Ubisoft execs reportedly vetoed plans for Kassandra to be the sole hero of Assassin’s Creed Odyssey

‘Women Don’t Sell’

A new report into toxic culture at Ubisoft suggests that 2018 open-world adventure Assassin’s Creed Odyssey was initially designed with only one protagonist in mind: Spartan mercenary Kassandra. However, execs at the publisher demanded the sequel include an alternate male protagonist, reportedly telling the team that “Women don’t sell.”

This latest revelation is part of an investigative report conducted by Bloomberg’s Jason Schreier, which reveals that the Assassin’s Creed team has faced a persistent uphill battle in regards to spotlighting women characters. The report suggests that Assassin’s Creed Syndicate‘s Evie had her role significantly reduced during development, while an early blueprint for 2017’s Assassin’s Creed Origins originally included a scenario where protagonist Bayek’s wife, Aya, would don the famous bladed gauntlet.

It should be noted that, as far as Odyssey is concerned, our own user poll shows the majority of our readers preferred playing Kassandra over her male counterpart, Alexios. And ultimately, it was stated by creative director Jonathan Dumont in a 2018 Reddit AMA that Kassandra’s tale should be considered the canon story of the Grecian epic.

The Bloomberg report cites that the pressure to abstain from women leads in the multi-million dollar franchise generally came from both Ubisoft’s marketing department and its former chief creative officer Serge Hascoët, previously described by Schreier as “the most powerful creative force at the company,” who could greenlight or cancel a project “with one word.”

Hascoët is one of a number of high-ranking officials who recently left or were fired from Ubisoft amidst a storm of horrifying allegations of sexual abuse and toxicity toward women within the company. Speaking to Eurogamer last week, Ubisoft has since stated it had “fallen short” in its efforts to provide a safe and inclusive environment for its staff, and that it had launched an investigation into the recent allegations using “specialised external consultants.”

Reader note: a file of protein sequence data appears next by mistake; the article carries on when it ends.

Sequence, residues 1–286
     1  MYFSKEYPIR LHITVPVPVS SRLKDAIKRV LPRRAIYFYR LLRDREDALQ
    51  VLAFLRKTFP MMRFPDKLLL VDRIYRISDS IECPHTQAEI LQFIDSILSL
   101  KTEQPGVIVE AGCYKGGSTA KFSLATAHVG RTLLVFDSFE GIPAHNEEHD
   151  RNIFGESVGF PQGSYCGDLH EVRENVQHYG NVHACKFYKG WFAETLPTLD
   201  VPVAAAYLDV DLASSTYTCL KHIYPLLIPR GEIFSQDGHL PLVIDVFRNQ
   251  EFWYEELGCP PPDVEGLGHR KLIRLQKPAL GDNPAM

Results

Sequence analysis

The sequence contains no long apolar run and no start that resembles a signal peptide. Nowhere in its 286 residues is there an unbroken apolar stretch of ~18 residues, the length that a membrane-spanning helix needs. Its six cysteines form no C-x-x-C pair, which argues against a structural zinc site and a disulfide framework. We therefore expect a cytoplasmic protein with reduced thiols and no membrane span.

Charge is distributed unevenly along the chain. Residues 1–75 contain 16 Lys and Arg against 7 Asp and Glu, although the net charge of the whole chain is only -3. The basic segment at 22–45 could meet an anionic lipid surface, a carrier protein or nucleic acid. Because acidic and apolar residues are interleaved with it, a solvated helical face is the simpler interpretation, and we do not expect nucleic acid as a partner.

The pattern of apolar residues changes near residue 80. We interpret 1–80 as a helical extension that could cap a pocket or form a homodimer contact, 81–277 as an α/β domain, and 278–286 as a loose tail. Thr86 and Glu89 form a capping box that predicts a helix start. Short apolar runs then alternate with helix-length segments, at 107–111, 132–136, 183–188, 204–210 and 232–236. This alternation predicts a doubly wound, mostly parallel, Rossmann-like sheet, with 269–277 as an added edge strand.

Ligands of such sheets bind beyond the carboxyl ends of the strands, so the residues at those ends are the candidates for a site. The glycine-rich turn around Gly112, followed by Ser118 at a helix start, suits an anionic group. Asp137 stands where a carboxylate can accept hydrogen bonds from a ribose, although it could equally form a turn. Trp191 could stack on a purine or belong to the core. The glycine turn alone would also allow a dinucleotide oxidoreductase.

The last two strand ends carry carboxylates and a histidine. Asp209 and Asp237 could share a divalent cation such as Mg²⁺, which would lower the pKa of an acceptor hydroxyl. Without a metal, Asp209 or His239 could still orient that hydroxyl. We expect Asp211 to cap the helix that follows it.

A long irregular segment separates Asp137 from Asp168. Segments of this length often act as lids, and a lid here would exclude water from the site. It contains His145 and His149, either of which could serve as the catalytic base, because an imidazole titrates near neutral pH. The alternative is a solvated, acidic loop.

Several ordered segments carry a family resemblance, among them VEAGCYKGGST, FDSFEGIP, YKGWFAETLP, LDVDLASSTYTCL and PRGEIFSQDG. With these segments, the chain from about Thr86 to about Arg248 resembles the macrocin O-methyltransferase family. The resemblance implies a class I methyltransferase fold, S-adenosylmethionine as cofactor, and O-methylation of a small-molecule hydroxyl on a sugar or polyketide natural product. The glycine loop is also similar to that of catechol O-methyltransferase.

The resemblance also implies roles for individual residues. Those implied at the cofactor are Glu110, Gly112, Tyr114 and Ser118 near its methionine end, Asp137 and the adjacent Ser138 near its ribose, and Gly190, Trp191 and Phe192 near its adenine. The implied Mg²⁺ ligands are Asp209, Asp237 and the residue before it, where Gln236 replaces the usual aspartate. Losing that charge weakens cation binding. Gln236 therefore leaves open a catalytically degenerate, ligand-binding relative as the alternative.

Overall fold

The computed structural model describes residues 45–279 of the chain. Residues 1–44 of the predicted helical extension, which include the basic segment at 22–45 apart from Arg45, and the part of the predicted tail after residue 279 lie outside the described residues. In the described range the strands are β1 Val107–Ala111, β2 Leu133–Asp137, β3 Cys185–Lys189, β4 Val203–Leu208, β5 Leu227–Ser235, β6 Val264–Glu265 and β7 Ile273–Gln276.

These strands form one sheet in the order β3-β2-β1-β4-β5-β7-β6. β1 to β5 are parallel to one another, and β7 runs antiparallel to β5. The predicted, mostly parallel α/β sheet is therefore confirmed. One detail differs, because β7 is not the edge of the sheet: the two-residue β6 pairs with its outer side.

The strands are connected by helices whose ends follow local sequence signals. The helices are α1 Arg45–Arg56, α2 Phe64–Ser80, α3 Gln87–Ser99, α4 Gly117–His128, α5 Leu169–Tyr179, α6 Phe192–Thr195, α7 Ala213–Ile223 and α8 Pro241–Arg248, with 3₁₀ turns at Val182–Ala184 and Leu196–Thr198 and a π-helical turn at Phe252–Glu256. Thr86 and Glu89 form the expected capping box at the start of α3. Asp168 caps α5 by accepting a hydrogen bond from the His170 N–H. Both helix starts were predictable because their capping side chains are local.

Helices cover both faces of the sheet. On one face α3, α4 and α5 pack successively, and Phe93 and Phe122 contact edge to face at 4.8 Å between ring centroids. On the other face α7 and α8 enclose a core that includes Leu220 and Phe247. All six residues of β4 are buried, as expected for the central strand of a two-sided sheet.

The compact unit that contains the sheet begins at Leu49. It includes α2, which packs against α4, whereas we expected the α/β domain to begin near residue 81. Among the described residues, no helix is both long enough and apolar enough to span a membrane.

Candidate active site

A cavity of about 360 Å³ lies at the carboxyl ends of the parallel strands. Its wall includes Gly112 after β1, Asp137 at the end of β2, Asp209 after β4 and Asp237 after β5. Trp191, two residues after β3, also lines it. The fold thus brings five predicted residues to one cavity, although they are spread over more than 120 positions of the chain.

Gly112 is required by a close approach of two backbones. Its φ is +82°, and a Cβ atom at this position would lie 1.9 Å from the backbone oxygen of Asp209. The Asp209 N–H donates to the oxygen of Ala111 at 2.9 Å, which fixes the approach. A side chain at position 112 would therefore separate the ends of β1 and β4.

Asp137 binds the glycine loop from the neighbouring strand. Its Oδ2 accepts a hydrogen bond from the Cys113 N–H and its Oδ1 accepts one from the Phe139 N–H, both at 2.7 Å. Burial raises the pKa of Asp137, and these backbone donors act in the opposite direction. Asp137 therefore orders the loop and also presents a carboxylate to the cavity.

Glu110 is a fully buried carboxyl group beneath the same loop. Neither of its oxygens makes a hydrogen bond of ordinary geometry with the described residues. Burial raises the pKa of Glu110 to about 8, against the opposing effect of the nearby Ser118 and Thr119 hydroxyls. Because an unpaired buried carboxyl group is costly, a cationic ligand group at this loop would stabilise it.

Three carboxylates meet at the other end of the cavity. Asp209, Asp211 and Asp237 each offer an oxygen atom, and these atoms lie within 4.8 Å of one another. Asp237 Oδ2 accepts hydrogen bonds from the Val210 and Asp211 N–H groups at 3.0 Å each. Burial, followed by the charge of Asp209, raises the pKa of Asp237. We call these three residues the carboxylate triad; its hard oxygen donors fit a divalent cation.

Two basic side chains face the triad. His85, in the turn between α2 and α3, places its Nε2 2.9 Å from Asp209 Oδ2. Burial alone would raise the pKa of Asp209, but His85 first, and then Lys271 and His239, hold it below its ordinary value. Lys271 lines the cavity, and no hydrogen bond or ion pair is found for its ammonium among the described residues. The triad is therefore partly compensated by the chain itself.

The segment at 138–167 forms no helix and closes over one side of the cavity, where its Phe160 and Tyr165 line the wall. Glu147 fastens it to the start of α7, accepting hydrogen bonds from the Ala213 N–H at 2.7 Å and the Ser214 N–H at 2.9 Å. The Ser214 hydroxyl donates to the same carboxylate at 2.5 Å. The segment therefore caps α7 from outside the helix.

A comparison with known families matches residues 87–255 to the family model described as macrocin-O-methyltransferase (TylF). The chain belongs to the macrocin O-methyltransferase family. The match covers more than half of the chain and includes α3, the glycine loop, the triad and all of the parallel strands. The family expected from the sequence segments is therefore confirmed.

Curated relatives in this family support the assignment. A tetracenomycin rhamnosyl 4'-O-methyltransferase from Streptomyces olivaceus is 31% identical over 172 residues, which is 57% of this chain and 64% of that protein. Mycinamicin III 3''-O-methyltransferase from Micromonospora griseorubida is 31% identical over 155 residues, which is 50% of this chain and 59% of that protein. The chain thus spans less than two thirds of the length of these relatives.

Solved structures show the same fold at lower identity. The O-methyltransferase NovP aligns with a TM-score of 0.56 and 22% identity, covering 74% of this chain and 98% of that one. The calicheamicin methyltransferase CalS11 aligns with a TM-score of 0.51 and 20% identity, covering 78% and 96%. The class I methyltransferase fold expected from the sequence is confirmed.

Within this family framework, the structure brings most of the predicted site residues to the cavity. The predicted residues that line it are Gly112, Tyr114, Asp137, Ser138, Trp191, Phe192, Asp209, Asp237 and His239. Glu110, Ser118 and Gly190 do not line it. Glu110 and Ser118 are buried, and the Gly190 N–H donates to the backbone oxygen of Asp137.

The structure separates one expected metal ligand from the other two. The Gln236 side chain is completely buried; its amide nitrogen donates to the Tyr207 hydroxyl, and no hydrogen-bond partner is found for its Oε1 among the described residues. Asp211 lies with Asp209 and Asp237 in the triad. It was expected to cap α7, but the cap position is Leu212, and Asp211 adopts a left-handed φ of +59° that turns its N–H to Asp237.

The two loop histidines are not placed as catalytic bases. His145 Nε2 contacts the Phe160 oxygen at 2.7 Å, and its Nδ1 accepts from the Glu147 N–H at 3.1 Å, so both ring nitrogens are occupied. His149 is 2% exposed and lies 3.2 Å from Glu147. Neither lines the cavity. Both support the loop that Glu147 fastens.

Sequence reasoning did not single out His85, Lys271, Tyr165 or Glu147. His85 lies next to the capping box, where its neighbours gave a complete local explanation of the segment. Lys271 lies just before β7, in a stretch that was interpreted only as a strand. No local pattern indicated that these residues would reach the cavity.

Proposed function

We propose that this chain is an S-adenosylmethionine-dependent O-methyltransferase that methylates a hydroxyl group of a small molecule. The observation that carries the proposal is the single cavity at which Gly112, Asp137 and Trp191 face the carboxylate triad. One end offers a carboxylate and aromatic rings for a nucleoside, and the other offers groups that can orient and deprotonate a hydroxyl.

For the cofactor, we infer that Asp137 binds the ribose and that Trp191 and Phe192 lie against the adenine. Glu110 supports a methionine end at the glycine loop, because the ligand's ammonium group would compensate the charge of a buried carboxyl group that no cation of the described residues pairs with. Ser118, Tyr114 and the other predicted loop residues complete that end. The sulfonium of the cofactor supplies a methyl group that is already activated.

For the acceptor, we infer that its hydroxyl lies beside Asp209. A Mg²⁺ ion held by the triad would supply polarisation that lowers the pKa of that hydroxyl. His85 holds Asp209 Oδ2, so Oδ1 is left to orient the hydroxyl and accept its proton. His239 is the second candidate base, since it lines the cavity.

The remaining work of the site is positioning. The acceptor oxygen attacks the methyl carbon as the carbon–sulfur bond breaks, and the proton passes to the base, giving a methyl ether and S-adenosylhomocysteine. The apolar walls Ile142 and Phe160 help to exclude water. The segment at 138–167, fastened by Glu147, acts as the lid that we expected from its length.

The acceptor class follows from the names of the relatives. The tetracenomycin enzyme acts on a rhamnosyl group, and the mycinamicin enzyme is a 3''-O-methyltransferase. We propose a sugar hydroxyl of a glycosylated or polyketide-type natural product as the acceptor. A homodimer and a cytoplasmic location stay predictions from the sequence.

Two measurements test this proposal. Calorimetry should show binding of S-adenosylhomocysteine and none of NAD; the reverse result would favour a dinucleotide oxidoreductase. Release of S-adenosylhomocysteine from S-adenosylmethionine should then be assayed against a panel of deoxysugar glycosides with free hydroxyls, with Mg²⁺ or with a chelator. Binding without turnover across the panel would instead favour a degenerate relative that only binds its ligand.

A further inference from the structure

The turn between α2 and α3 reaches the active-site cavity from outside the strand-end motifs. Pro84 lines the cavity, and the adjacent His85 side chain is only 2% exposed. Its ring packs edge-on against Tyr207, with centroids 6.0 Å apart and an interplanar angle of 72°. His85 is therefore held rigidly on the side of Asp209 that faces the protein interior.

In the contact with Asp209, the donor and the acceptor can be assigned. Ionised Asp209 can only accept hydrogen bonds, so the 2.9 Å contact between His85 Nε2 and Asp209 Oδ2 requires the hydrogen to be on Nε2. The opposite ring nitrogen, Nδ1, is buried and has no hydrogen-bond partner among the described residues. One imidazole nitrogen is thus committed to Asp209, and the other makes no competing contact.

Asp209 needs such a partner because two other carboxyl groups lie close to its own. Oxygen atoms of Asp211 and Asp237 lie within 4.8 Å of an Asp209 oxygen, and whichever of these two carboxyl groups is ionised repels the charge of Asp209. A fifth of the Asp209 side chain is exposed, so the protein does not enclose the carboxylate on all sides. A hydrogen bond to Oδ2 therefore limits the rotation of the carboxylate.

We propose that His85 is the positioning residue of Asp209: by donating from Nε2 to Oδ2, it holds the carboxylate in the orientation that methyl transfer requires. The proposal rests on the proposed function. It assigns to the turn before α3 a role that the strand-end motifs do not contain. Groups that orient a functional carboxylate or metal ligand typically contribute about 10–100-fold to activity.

Additionally, as reported by GamesIndustry.biz, French union Solidaires Informatique has announced the establishment of a collective lawsuit against Ubisoft, putting out an open call to the publisher’s staff for accusers and witnesses.

Ubisoft is currently gearing up for the release of the newest entry in the Assassin’s Creed series, Valhalla, which once again features dual protagonists though players will be able to select between a male and female lead at will throughout the game. Still, the most recent trailer for the sequel focused specifically on the male variant of Eivor, who is currently far more prominent in Valhalla‘s marketing materials.

There is still work to be done before the outdated attitude toward women in leading roles dissipates in some of Ubisoft’s biggest blockbuster brands. Perhaps the company would do well to take the lead from its own Rainbow Six Siege, a title that features a wide selection of women characters, of various nationalities and backgrounds, that are showcased proudly throughout the franchise’s lore, artwork, trailers, and merchandising campaigns. Maybe you get a pass from marketing if you’re carrying guns and grenades.

Far more importantly Ubisoft as with all companies must root out and eradicate the misogyny, abuse, and toxic behaviour embedded within its infrastructure, from its front door to the core of its executive levels. Hopefully, this will result in the creation of a safer, healthier, and more inclusive environment for all of its employees.

And as far “Women don’t sell” goes… I guess nobody told Tomb Raider, or The Last of Us, or Uncharted: The Lost Legacy, or Resident Evil 3, or Bayonetta, or Control, or Horizon: Zero Dawn, or…

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Chris Moyse

Chris MoyseSenior Editor   gamer profile

Chris has been playing video games since video games began… still terrible at them. Former Saturday Night Slam Master, rambles nostalgically like Abe Simpson. I ain’t here to fight, so let’s no… more + disclosures

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